• Epicrania Fugax

    Epicrania Fugax is a variant of ice-pick pains [44]. What is different is that these are even shorter in duration and seem to "zig-zag" through the head. 4 out of 10 cases in one series had pain starting at the back of the head and zig-zag their way through to the front of the head. No serious cause is found. My personal view is that these sort of pains could easily be referred pain from the upper cervical spine (see maps of referred pain from Cooper [2] or Aprill [45]).

  • Nummular Headache

    This is a localised, fixed area of pain the size and shape of a coin. It is thought to be due to inflammation of one of the cutaneous nerves of the scalp, and is more a nuisance than a serious disorder [46].

  • Cluster Headache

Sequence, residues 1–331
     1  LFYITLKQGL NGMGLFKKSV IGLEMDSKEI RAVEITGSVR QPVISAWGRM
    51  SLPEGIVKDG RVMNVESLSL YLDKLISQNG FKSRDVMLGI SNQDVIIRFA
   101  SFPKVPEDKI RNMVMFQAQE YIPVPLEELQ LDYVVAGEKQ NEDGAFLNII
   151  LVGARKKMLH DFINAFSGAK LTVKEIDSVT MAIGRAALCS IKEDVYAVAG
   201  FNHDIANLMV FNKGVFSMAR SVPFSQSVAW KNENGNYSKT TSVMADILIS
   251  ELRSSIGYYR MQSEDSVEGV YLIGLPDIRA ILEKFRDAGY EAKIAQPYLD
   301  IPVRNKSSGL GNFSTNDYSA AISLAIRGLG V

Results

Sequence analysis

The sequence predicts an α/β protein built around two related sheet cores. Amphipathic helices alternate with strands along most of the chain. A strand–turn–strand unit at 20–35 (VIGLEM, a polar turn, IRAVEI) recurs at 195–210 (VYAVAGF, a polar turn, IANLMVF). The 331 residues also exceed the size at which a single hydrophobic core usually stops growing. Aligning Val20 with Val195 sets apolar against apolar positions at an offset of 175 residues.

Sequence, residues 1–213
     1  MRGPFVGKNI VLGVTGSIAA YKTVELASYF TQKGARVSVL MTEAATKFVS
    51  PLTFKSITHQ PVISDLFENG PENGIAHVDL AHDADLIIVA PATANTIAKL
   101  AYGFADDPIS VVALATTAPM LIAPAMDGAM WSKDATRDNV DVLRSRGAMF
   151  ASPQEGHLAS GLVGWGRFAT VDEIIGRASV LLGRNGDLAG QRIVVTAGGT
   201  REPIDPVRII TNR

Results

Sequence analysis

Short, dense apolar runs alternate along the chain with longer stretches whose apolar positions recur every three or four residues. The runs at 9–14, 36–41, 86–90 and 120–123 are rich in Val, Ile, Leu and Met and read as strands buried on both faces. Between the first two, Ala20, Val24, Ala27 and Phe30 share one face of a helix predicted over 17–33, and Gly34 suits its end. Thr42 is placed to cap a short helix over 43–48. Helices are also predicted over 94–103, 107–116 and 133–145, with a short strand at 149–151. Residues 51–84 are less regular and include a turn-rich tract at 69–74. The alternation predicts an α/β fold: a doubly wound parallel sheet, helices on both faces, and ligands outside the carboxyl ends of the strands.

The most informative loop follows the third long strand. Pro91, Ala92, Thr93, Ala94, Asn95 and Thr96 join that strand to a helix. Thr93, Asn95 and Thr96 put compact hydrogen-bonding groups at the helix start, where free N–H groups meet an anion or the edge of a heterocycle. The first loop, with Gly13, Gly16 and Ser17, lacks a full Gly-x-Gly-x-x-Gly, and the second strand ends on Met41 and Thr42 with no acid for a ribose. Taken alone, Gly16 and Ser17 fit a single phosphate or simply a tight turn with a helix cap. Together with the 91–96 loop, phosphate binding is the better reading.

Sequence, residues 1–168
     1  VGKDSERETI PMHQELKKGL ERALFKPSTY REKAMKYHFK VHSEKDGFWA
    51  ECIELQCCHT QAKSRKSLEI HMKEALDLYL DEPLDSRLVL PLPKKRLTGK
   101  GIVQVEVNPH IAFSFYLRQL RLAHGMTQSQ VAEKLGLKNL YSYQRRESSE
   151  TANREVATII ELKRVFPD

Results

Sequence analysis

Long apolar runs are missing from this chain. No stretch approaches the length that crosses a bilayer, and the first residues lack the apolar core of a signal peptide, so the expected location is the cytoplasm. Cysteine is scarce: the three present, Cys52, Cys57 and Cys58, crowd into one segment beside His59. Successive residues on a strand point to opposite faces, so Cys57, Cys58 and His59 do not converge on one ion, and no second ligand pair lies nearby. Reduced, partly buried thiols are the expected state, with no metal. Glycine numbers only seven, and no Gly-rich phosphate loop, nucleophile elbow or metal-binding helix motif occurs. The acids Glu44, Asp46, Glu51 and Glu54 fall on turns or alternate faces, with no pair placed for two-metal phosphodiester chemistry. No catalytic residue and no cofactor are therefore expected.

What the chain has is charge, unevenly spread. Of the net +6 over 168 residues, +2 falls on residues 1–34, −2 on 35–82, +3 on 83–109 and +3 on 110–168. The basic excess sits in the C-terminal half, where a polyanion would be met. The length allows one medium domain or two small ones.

26% of one series of 652 cases experienced cluster pains in the back of the head, and another series noted that 10% of people with cluster headache had neck pain [47].  It is still not known if trauma causes cluster headache in some cases or whether people with cluster headache are more likely to report trauma or subsequently experience head trauma [48]. Oxygen and Sumatriptan injections work best for acute attacks, and Verapamil is the best preventative drug [49].

  • Hemicrania Continua

    This is a strictly one-sided headache and in most cases is at the front and side of the head. In one series 1/18 had the back of the head as the main site of pain [50] . In another 5/18 there was some pain there, but it was not the main site of pain. It is possible that Hemicrania Continua is a manifestation of cervicogenic headache [51].

  • New Daily Persistent Headache